Minister Samuda Expresses Optimism for Sugar Industry

Photo: Claudia Gardner Minister of Industry, Commerce Agriculture and Fisheries, Hon. Karl Samuda addresses the 80th Annual Conference of the Jamaica Association of Sugar Technologists, at the RIU Ocho Rios resort in St. Ann, on Thursday, November 2.

Story Highlights

  • Minister of Industry, Commerce, Agriculture and Fisheries (MICAF), Hon. Karl Samuda, is expressing optimism for the sugar industry.
  • Addressing the 80th Annual Conference of the Jamaica Association of Sugar Technologists (JAST), at RIU Ocho Rios resort, in St. Ann on Thursday (November 2), Mr. Samuda implored the stakeholders to press ahead with their cultivation, as it has been a ‘tried, tested and proven’ agricultural commodity.
  • The Minister, in underscoring the importance of the sugar industry to Jamaica’s economy, said the sector is extraordinary, as it serves some 200,000 Jamaicans indirectly and another 50,000 directly, and most importantly, unlike some other crops, has a guaranteed market.

Minister of Industry, Commerce, Agriculture and Fisheries (MICAF), Hon. Karl Samuda, is expressing optimism for the sugar industry.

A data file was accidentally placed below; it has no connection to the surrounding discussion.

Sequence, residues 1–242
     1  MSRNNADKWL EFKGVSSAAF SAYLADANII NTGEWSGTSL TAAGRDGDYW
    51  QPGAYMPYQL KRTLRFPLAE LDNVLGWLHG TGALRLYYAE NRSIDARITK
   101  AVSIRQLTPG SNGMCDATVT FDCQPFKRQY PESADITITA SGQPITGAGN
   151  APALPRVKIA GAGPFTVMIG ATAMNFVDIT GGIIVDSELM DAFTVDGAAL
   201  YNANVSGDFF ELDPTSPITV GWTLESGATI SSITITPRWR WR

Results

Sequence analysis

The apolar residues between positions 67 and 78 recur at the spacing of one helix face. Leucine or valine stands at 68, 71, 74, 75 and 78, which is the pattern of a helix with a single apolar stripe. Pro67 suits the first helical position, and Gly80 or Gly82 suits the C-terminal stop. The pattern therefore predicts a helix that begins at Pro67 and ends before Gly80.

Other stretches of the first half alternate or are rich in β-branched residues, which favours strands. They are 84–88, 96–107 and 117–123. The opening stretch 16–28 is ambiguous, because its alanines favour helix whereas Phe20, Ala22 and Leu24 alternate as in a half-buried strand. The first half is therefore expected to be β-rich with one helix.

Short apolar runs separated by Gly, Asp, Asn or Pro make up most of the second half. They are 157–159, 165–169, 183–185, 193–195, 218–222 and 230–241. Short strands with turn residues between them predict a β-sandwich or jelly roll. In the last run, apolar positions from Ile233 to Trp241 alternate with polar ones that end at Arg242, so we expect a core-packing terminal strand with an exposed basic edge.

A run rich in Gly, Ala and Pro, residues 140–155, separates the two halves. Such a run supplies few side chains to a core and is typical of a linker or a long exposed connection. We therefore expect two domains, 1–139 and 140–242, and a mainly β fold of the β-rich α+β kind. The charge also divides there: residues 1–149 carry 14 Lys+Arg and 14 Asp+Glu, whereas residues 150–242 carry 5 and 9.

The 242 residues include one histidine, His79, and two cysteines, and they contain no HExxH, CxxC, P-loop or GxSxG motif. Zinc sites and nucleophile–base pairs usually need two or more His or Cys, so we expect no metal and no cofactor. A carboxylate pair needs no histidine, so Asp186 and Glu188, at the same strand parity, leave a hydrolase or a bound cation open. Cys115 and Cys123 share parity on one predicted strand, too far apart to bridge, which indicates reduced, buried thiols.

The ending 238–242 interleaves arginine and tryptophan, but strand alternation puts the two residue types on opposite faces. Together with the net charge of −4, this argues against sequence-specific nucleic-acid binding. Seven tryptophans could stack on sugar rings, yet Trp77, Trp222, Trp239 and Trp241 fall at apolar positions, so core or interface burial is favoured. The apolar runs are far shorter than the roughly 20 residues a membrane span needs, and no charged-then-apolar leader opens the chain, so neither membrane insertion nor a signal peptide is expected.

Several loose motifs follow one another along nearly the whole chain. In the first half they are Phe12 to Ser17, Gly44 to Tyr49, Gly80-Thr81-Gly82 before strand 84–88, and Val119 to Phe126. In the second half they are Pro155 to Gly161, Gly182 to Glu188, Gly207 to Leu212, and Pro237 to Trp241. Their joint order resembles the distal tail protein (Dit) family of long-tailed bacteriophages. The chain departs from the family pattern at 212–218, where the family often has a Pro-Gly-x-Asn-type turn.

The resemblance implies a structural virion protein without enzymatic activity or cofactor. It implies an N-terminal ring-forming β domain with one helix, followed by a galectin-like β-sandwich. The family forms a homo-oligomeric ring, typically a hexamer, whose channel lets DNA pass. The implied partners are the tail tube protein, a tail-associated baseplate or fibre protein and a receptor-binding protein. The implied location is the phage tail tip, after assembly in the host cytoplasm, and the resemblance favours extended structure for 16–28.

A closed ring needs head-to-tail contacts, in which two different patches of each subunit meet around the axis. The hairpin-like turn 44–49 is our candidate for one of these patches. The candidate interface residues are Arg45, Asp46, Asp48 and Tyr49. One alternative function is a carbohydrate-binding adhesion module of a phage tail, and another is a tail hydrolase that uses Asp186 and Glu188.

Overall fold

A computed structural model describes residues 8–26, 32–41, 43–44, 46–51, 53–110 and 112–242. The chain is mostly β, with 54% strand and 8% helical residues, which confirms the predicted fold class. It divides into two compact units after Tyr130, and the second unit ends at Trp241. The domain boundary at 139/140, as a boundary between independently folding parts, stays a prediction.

Addressing the 80th Annual Conference of the Jamaica Association of Sugar Technologists (JAST), at RIU Ocho Rios resort, in St. Ann on Thursday (November 2), Mr. Samuda implored the stakeholders to press ahead with their cultivation, as it has been a ‘tried, tested and proven’ agricultural commodity.

He said the advantages of cultivating sugarcane outweighs any associated negatives, especially due to its resilience to various climatic conditions, which has enabled it to thrive for centuries.

“What is better than to plant something that is almost impervious to praedial larceny? Even flooding (it) will affect the quality of the sugar, but it is very temporary; as soon as it gets dry, it just springs up back again,” Mr. Samuda argued.

The Minister, in underscoring the importance of the sugar industry to Jamaica’s economy, said the sector is extraordinary, as it serves some 200,000 Jamaicans indirectly and another 50,000 directly, and most importantly, unlike some other crops, has a guaranteed market.

Mr. Samuda encouraged the stakeholders to address areas for potential partnerships with the MICAF, and urged them to devise new methods of production which will increase the level of output.

This, he said, will ensure greater efficiency and enhance strategies aimed at including non-agricultural investors, to become participants in the industry.

“So my plea to you today is, don’t feel discouraged even for a moment. You will be faced with challenges…don’t for a moment, allow yourselves to entertain any negative thoughts about your industry. Let’s move forward in confidence that this industry is going to rise again… I think we can do it; I am sure we can do it,” Mr. Samuda said.

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